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A direct numerical simulation study of a turbulent non-premixed lifted flame

Karami, Shahram, Photovoltaics & Renewable Energy Engineering, Faculty of Engineering, UNSW

2015

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  • Title:
    A direct numerical simulation study of a turbulent non-premixed lifted flame
  • Author/Creator/Curator: Karami, Shahram, Photovoltaics & Renewable Energy Engineering, Faculty of Engineering, UNSW
  • Subjects: Edge flame; DNS; Lifted flame; Large eddy structure; Non-premixed flame
  • Resource type: Thesis
  • Type of thesis: Ph.D.
  • Date: 2015
  • Supervisor: Hawkes, Evatt, Photovoltaics & Renewable Energy Engineering, Faculty of Engineering, UNSW; Talei, Mohsen, Mechanical Engineering, University of Melbourne
  • Language: English
  • Permissions: This work can be used in accordance with the Creative Commons BY-NC-ND license.
    Please see additional information at https://library.unsw.edu.au/copyright/for-researchers-and-creators/unsworks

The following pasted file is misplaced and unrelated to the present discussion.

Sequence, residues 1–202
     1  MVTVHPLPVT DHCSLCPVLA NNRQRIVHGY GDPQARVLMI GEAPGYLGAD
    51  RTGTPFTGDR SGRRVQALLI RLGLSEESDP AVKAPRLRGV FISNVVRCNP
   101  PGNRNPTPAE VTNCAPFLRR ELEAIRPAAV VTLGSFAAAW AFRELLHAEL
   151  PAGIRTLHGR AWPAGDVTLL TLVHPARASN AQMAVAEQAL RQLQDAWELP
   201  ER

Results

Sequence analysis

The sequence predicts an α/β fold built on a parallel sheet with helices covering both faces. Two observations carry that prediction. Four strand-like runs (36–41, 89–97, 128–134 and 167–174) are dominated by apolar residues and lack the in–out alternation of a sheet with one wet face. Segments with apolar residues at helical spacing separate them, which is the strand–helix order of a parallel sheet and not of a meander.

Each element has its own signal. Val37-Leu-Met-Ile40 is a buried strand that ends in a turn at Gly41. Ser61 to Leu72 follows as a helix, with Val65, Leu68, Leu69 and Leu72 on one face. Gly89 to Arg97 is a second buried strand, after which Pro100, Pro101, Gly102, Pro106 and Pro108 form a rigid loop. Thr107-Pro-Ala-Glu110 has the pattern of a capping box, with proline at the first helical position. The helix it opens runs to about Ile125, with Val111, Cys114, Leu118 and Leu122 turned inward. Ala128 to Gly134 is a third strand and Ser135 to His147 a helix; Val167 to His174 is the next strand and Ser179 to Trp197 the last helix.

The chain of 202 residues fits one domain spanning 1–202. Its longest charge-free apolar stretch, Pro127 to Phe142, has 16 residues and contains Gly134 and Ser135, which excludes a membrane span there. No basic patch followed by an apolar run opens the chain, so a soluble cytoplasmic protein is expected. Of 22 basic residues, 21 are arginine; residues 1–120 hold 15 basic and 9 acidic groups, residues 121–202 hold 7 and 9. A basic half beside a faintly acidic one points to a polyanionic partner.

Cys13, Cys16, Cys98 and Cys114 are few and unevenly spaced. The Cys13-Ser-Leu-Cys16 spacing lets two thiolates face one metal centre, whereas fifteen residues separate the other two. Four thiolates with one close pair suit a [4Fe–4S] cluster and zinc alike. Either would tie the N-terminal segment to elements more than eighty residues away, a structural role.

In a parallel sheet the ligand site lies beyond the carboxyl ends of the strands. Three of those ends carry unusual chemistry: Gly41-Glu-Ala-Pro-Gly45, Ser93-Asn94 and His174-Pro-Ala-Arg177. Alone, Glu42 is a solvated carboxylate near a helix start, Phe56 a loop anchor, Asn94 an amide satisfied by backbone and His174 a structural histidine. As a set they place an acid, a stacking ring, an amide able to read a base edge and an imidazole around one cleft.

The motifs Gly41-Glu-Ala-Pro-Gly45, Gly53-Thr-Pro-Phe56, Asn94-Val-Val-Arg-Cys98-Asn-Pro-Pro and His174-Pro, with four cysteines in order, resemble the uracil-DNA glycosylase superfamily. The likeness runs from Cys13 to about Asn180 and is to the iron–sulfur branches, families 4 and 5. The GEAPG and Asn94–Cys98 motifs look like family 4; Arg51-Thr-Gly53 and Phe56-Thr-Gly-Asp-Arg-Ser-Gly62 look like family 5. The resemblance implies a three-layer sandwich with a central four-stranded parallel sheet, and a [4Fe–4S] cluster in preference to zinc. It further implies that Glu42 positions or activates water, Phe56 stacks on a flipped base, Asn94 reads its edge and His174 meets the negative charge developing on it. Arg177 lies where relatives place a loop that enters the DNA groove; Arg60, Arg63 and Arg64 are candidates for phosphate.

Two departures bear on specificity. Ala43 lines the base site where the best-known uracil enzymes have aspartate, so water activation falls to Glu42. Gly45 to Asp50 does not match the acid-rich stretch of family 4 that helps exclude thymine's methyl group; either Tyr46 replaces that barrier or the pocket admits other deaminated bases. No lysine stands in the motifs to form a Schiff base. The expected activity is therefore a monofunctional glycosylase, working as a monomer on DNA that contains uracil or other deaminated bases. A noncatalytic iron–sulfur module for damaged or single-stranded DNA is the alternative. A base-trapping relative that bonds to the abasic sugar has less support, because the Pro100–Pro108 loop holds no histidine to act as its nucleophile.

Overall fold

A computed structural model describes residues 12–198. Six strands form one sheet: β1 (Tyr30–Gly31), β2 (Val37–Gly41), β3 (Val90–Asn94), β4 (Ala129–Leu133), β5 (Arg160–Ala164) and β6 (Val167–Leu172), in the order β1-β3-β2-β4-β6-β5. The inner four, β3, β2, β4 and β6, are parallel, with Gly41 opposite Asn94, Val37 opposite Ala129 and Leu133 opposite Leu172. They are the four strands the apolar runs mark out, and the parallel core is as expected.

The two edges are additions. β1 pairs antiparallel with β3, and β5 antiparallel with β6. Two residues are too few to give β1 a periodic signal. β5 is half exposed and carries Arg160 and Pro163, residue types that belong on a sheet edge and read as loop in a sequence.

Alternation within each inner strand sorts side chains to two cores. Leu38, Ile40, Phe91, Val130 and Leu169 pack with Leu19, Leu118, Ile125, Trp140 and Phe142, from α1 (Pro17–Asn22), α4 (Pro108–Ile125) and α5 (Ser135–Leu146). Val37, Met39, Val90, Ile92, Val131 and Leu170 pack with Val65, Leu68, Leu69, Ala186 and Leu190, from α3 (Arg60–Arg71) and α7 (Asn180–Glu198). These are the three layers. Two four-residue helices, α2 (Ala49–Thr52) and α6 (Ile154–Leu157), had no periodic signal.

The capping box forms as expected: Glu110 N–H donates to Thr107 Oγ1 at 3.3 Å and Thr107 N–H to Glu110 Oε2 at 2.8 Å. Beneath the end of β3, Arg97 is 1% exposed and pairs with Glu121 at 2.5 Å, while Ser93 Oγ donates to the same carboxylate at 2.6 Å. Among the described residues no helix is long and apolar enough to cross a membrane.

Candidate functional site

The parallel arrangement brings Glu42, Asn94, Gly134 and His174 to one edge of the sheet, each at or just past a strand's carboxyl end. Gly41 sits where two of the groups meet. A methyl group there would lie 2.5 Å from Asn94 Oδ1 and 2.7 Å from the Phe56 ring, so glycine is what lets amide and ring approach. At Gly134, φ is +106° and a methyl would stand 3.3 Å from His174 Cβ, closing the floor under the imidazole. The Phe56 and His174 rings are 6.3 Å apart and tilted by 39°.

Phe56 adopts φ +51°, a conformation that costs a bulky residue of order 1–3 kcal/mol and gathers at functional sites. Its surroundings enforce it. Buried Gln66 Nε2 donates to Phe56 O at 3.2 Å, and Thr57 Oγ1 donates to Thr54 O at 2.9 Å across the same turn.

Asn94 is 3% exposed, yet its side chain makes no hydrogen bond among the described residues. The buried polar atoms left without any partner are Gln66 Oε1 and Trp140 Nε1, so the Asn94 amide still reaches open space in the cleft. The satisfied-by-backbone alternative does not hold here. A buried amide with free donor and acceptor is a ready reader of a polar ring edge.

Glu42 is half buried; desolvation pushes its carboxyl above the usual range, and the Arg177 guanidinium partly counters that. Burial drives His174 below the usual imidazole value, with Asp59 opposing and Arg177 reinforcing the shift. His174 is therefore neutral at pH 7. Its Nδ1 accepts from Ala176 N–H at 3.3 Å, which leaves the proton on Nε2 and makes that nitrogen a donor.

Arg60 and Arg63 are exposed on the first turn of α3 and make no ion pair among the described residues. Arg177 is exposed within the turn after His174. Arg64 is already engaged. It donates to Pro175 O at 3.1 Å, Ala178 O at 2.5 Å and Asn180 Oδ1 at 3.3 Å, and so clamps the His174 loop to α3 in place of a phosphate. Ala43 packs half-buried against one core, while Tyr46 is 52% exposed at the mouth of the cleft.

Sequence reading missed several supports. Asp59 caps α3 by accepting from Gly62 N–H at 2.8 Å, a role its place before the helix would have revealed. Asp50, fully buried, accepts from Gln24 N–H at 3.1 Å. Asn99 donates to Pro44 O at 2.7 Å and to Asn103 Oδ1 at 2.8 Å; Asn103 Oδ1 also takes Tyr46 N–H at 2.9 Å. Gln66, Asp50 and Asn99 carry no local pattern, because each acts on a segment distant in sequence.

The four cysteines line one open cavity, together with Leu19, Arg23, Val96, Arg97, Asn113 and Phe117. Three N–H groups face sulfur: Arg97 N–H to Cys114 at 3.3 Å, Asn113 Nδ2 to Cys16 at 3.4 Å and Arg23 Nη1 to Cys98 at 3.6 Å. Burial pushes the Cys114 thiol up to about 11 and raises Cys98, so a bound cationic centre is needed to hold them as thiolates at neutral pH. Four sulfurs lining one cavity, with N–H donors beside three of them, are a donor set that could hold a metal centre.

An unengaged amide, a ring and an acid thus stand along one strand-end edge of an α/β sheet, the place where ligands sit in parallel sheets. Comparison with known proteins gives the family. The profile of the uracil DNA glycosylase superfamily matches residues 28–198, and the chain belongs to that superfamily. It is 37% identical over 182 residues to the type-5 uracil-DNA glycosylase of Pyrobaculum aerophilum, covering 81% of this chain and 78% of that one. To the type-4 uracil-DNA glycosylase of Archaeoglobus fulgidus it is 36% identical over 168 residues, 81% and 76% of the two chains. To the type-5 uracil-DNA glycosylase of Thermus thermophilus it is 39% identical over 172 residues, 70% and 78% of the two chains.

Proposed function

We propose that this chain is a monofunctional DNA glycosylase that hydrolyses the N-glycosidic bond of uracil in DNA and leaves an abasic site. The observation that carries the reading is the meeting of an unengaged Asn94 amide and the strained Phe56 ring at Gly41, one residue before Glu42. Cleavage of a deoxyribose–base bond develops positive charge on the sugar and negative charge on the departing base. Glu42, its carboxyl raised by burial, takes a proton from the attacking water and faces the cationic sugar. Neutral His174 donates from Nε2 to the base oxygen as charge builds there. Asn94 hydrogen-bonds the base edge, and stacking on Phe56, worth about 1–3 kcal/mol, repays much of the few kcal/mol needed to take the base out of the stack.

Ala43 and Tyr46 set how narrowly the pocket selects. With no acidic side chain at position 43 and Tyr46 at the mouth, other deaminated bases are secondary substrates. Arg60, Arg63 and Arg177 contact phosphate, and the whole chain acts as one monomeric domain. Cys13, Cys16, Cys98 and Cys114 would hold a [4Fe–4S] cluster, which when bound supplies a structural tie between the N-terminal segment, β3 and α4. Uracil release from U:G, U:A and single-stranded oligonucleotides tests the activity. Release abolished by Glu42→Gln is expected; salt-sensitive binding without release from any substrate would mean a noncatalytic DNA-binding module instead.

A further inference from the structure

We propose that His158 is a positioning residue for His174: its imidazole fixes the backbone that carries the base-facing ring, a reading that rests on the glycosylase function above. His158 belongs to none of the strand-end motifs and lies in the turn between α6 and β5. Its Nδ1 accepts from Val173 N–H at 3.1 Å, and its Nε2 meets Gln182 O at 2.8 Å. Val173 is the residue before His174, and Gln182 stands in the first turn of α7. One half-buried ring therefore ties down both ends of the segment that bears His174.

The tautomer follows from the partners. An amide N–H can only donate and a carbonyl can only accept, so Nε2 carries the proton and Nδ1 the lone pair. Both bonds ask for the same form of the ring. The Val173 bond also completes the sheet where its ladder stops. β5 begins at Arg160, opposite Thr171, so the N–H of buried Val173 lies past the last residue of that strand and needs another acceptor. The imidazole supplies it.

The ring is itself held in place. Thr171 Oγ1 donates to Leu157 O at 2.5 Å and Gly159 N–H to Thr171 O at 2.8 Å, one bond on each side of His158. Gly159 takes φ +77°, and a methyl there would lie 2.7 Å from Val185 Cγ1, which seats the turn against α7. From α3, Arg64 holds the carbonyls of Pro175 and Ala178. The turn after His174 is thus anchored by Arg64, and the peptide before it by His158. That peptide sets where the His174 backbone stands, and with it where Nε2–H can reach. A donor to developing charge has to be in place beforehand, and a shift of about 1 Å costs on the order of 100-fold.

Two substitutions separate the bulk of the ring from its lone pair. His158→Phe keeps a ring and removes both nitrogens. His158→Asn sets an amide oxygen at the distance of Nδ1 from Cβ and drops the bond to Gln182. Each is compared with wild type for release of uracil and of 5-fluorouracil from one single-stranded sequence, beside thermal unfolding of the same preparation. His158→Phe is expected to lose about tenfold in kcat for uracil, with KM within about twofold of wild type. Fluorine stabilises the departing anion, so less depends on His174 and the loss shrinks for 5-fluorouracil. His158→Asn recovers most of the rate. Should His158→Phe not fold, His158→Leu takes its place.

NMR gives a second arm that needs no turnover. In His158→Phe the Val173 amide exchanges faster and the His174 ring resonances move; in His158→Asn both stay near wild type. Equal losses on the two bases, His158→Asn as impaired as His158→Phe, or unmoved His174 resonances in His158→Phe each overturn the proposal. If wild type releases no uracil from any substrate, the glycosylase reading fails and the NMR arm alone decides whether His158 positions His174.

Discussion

• Description: A turbulent lifted slot-jet flame is studied using direct numerical simulation (DNS). A one- step chemistry model is employed with a mixture-fraction dependent activation energy which can reproduce qualitatively the dependence of laminar burning rate on equivalence ratio that is typical of hydrocarbon fuels.The qualitative structure of the flame is first examined, confirming some features that have previously been observed in experimental measurements as well as some which have not been previously discussed. Significant differences are observed comparing the present DNS representing a hydrocarbon fuel, and previous DNS representing hydrogen fuel.The statistics of flow and relative edge-flame propagation velocity components conditioned on the leading edge-flame locations are then examined. The results show that on average, the streamwise flame propagation and streamwise flow balance, thus demonstrating that edge-flame propagation is the basic stabilisation mechanism. Fluctuations of the edge locations and velocities are, however, significant. It is demonstrated that the edges tend to move in an essentially two-dimensional elliptical pattern (laterally outwards towards the oxidiser, then upstream, then inwards towards the fuel, then downstream again). It is proposed that this is due to the passage of large eddies, as outlined in Su et al. [1]. However, the mechanism is not entirely two-dimensional, and out-of-plane motion is needed to explain how flames escape the high velocity inner region of the jet.Next, the time-averaged structure is examined. The entrainment flow is shown to be diverted around the flame base causing locally upstream streamwise velocities. A budget of terms in the transport equation for product mass fraction is used to understand the stabilisation from a time-averaged perspective. It is found to be consistent with the instantaneous perspective, featuring a fundamentally two-dimensional structure involving upstream trans- port of products on the lean side balanced by entrainment into richer conditions, while on the rich side, upstream turbulent transport and entrainment from leaner conditions balance the streamwise convection.A complete analysis of the reasons behind the observed trends in the flame relative propagation velocity has been performed. The mean normalised edge-flame speed is less than laminar flame speed (at around 0.6 of laminar flame speed) and the edge-flame velocity fluctuations are mainly connected with strain rates, scalar dissipation rate, mixture-fraction curvature, product mass fraction curvature and the inner product . These quantities as well as the average normal orientations and nature of the flame in terms of categorisation of the edge as premixed or non-premixed go through cyclic fluctuations which appear to be connected with the passage of large eddies and the elliptical pattern of the on-average motion.Overall the results provide strong support for the edge-flame theory of flame stabilisation, but point to significant roles played by large, coherent eddies in determining fluctuations of both the flow velocities and edge-flame relative propagation velocities, and thus the lifted height.

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